Tie-dye revival

Delving into the resurgence of hippie fashion in the MVHS community

Aditya Shukla

Leather boots. Tie-dye shirts. Halter tops and flare jeans. All these articles of clothing trace their popularity back to the fashion era of the 1960s and continue to leave their mark on pop culture today. The hippie movement of the 1960s that was born out of opposition to the Vietnam War bled into fashion choices, and icons like Jimi Hendrix and The Beatles further popularized these trends.

This era of clothing has had a small resurgence within popular culture, with MVHS students adopting flare jeans and leather boots into their wardrobes. Almost 60 years after the hippie movement, junior Kailey Daugherty finds an alternate quality to the movements presentation, and her ventures into niche clothing often lead her to this type of fashion. 

“Honestly, I think since [the hippie movement is] so bold and colorful, it makes it really fun,” Daugherty said. “That’s why it’s super inviting for a lot of people, and I like to be experimental with my fashion. So if I ever see something and I’m like, ‘Oh, yeah, that can look good,’ then I will try it, and a lot of the time it is ‘60s fashion.”

For art teacher Jodi Johnson, the hippie movement represented an opposition to cultural norms, especially within the roles of men and women and family structures. This form of opposition came to a visual platform in the form of how free and expressive the clothing was — a sharp contrast to the formality of the ‘50s fashion. 

“I think a lot of the hippie movement [was] people trying to express themselves and trying to break away from that really rigid [family structure],” Johnson said. “The ‘50s were [characterized by] all the housewives [being] dressed [formally] all the time. I think the hippie revolution [was]  really trying to break away from that and [used] bright colors and free flowing and those things. There’s much less [rigidness] in the way people dress now.”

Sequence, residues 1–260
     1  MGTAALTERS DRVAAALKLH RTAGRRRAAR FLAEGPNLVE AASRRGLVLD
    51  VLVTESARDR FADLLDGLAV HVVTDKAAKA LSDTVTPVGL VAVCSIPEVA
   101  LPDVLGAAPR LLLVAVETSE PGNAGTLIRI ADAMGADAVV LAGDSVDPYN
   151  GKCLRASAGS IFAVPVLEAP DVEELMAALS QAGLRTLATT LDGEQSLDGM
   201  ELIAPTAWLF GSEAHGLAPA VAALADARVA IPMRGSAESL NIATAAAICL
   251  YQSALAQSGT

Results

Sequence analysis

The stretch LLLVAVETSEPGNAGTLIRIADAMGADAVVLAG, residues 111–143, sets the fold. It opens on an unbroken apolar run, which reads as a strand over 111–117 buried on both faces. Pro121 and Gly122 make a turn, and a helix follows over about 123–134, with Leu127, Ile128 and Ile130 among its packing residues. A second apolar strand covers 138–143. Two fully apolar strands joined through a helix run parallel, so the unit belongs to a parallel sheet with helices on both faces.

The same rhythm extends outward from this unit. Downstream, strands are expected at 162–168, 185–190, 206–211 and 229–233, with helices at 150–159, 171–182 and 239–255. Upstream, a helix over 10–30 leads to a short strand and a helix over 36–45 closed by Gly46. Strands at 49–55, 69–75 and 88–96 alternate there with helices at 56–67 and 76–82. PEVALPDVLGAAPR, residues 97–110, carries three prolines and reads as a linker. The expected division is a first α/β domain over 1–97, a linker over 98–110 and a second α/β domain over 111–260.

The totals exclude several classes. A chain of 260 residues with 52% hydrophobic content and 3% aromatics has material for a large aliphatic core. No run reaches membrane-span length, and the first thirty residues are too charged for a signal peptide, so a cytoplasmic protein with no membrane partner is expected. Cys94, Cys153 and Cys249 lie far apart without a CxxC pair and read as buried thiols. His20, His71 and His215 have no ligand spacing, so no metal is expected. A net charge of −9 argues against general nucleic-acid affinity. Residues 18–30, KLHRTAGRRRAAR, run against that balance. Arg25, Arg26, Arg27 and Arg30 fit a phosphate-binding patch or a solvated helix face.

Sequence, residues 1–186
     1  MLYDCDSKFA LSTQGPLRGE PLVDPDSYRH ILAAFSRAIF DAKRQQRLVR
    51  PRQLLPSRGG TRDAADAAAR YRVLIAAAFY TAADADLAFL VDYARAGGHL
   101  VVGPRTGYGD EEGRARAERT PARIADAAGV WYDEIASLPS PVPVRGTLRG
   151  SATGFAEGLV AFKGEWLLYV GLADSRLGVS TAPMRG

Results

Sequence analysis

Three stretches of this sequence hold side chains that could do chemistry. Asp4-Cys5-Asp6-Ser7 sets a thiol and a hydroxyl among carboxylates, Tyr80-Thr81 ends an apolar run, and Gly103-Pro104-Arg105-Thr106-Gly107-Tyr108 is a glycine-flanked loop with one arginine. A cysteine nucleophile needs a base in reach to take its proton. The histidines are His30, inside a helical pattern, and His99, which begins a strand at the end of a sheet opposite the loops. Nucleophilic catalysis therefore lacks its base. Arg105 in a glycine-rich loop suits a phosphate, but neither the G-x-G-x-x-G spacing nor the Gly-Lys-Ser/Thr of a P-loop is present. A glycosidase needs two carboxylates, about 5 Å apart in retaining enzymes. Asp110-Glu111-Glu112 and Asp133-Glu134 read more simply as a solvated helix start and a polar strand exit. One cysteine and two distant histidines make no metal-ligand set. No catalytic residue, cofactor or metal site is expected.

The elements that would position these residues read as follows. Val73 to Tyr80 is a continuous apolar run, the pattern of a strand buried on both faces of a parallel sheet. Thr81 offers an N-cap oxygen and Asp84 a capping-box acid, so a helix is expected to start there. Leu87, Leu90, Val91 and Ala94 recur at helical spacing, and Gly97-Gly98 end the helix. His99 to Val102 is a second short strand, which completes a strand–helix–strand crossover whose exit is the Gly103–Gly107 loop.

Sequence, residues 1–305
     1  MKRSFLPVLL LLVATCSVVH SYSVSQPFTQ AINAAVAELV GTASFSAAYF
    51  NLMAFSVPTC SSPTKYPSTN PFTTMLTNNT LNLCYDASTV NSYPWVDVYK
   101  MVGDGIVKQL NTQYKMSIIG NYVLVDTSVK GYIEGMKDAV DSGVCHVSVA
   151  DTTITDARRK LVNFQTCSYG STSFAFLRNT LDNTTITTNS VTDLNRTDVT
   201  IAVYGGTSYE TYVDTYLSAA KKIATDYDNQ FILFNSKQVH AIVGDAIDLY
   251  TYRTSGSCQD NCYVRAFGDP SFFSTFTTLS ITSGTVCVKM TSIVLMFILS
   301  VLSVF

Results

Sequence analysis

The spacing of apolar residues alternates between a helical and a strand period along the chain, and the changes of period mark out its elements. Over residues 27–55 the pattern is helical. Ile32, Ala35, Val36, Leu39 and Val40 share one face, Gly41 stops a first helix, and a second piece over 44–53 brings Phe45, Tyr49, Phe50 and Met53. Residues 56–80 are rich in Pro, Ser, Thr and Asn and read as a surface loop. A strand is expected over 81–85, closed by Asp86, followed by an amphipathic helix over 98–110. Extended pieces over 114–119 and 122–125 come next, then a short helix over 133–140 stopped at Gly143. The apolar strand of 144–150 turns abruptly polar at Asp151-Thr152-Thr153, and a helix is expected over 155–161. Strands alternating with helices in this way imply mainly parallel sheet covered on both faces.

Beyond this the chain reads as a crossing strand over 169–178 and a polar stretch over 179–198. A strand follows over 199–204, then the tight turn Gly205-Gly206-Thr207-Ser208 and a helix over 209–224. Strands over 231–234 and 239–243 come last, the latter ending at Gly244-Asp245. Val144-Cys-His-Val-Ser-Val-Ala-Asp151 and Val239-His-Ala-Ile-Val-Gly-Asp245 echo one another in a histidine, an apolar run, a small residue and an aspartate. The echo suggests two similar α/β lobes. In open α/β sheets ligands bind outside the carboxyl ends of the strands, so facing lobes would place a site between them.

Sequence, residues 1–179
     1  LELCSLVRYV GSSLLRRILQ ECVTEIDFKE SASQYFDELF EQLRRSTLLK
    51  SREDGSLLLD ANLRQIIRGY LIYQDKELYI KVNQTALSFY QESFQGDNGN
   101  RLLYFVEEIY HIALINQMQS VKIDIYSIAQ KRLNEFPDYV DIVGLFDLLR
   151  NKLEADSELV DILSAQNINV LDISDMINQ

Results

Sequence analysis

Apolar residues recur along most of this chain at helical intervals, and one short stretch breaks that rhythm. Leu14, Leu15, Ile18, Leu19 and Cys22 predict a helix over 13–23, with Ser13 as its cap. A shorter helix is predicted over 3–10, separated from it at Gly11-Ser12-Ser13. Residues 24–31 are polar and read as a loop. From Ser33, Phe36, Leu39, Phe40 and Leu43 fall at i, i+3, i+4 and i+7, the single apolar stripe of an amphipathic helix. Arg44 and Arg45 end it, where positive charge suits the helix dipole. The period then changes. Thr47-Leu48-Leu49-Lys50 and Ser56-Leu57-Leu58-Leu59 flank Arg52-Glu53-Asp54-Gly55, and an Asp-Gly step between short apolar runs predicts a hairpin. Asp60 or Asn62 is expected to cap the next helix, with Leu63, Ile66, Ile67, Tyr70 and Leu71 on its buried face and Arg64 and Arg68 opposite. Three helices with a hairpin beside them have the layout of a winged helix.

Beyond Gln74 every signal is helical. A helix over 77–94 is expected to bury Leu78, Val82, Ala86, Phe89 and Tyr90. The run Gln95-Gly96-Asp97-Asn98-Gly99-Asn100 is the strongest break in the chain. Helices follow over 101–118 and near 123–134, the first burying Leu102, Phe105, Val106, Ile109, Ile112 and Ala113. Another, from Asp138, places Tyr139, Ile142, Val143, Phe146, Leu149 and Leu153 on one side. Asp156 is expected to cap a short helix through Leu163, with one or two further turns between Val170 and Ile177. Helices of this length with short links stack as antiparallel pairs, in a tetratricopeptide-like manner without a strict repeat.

Sophomore Madison Polidoro also says the era of counterculture in the 1960s is what made the hippie movement’s colorful and earthy presentation appealing. She uses “unique” and “original” to note that the modern world’s accessibility to a wide variety of fashionable selections helps people look back into the past for the best way to express their values. However, Polidoro also states that the current era of fashion isn’t counterculture like the 1960s — rather, she finds the modern-day interpretation of hippie fashion to be more of a search for originality and vibrance than a message-backed statement. 

“I feel like it’s nice to have something that you feel confident in,” Polidoro said, “All black [clothing] is really nice [to wear] sometimes, but having something vibrant makes it more fun to wear, and so I feel like people still are into [hippie fashion] because it’s fun. It’s like dressing up in a costume. It was like a symbol of hope and optimism and positivity, [and] I feel like people still need that. The world hasn’t gotten a lot better since that movement — people still want something like that to brighten their wardrobes.”

Colorful headbands, large earrings, thigh-high boots and free-flowing dresses are a few iconic ‘60s accessories that pique Daugherty’s interests. She attributes another aspect of its appealing presentation to the high amounts of contrast between colorful clothing with natural tones. 

“I think if you were to ask a lot of people, they would say that hippie culture is pretty bold and colorful, but it definitely does have a lot to do with earthy tones,” Daugherty said. “I didn’t even really consider it until now, but there are a lot of things that have the same type of style as things that could be bolder, but they would use earthy tones and I think that those really add on to it.”